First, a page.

I wonder just how much more the Times can charge for its digital or its print and digital packages and whether it can finally succeed with circulation revenue exceeding advertising revenue, as is currently the case. Advertising revenue is declining, in large part because the loss in print advertising is not offset by online advertising; the latter is much cheaper than print advertising because it competes with itself. Why look in detail at an ad for Marriott that appears on the Times site when you can go directly for more information to the Marriott site? The figures vary but essentially for every $18 or so lost in print advertising, $1 comes back in Internet advertising.
In the past several months, Thompson has presided over the unprecedented buyouts of highly paid senior staff. In August 2013, the Times Company sold the Boston Globe to another man of great wealth, John W. Henry, who owns the Red Sox and the rest of the properties housed in the New England Media Group. The price was $70 million, a huge loss from the $1.1 billion the Times Company paid for the Boston Globe alone; moreover, the Times Company remains responsible for the Globe's pension liabilities. The Times Company has also changed the name of the iconic International Herald Tribune--which the Times Company owns--to the International New York Times, and the "global edition" now appears online along with the "US edition." It remains to be seen if these changes, along with the 2012 sales of Indeed.com and the About Group, will change the still unimpressive and struggling bottom line, and whether it is a good idea for the newspaper brand to become virtually the Company's sole product.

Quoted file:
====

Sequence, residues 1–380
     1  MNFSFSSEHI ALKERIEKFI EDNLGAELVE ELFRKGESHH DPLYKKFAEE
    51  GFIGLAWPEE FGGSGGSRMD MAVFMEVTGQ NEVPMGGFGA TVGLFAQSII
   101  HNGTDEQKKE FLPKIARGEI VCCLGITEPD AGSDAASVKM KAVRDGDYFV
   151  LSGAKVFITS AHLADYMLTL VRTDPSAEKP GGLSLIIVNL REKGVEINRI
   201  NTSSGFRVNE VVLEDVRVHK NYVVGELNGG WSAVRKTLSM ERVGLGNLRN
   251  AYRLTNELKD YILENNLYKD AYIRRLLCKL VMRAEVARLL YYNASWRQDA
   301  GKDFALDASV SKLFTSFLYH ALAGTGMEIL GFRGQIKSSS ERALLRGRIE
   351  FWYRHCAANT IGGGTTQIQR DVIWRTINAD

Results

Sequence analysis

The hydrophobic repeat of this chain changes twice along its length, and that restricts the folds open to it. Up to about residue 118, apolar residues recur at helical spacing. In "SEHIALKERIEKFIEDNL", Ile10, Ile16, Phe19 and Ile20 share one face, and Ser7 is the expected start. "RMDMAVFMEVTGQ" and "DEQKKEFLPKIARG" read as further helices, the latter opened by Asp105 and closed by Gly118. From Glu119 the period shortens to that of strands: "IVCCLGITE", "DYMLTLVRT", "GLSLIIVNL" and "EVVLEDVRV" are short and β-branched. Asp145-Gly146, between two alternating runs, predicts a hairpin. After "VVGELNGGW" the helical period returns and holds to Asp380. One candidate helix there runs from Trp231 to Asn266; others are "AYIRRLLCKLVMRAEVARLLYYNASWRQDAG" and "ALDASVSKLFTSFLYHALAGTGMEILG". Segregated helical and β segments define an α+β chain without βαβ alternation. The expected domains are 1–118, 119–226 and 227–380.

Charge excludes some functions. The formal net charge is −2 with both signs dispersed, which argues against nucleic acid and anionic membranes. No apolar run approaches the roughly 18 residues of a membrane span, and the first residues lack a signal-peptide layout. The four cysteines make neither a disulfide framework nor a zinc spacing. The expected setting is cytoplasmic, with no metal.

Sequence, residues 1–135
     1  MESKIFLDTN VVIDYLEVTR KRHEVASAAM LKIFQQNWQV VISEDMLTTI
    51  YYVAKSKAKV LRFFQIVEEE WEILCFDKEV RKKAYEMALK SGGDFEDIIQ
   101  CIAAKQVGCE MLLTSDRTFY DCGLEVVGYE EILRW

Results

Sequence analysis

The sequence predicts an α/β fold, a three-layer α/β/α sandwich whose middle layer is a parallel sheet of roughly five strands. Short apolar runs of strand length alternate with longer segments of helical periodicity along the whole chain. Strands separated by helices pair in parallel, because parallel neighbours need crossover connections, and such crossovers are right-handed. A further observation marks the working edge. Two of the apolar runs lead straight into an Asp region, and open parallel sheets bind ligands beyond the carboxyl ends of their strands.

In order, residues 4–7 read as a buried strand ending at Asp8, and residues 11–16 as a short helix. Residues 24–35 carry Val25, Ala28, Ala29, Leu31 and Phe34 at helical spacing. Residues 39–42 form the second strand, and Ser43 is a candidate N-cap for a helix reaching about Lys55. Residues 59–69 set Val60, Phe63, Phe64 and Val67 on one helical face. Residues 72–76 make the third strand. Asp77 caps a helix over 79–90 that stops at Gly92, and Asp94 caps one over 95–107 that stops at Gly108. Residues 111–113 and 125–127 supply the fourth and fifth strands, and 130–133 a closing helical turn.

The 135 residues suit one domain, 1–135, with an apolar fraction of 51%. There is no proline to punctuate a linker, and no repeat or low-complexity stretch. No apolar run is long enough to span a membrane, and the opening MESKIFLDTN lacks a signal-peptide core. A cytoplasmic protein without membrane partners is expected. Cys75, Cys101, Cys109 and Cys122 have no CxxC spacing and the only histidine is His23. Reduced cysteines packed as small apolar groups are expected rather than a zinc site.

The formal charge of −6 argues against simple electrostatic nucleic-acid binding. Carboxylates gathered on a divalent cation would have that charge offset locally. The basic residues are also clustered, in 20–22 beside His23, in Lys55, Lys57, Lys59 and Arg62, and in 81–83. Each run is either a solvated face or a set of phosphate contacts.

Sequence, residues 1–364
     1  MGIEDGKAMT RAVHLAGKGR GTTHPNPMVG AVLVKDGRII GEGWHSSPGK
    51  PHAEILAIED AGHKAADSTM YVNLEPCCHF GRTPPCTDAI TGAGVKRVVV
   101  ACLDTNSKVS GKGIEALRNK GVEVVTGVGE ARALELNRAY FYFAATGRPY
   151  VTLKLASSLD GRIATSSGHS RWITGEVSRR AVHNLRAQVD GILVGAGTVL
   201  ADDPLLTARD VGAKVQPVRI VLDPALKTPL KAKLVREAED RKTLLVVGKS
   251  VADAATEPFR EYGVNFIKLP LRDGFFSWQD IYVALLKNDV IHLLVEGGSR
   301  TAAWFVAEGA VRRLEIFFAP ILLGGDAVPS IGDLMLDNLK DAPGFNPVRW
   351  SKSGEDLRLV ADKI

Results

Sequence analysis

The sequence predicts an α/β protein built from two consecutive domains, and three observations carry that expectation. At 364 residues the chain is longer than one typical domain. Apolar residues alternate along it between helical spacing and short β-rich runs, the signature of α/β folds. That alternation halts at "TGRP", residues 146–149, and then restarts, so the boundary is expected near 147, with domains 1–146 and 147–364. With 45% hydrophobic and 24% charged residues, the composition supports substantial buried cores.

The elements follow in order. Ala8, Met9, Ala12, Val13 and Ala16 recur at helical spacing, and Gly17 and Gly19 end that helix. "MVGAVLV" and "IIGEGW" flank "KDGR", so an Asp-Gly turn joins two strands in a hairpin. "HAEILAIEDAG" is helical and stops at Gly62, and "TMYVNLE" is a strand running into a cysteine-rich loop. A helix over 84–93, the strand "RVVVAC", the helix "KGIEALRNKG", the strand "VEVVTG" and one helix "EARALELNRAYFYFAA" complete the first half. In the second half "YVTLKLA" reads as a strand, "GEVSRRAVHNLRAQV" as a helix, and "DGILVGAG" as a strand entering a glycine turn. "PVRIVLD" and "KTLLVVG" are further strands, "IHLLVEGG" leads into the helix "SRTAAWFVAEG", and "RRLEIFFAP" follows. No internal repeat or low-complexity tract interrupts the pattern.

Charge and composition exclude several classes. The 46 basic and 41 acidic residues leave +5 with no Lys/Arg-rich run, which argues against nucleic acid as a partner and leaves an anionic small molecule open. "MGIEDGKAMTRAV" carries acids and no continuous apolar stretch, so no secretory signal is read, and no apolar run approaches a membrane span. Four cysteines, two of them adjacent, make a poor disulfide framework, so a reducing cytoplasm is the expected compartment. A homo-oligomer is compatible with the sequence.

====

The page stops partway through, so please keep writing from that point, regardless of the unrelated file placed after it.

Given that Thompson himself is a controversial figure--both because he has denied any knowledge of rumors of sexual abuse of minors by a BBC on-air employee named Jimmy Saville and because he seems to have made some controversial business decisions at BBC--we may wonder if his appointment as CEO may yet backfire. While Thompson is far from beloved in the newsroom, and made his share of enemies in the United Kingdom, the only vote that matters in determining whether he keeps his position is that of Arthur Sulzberger, Jr. although technically the Times Company Board of Directors could insist on his removal. But with some on Wall Street seeing financial progress, it would take evidence of serious malfeasance to unseat Thompson.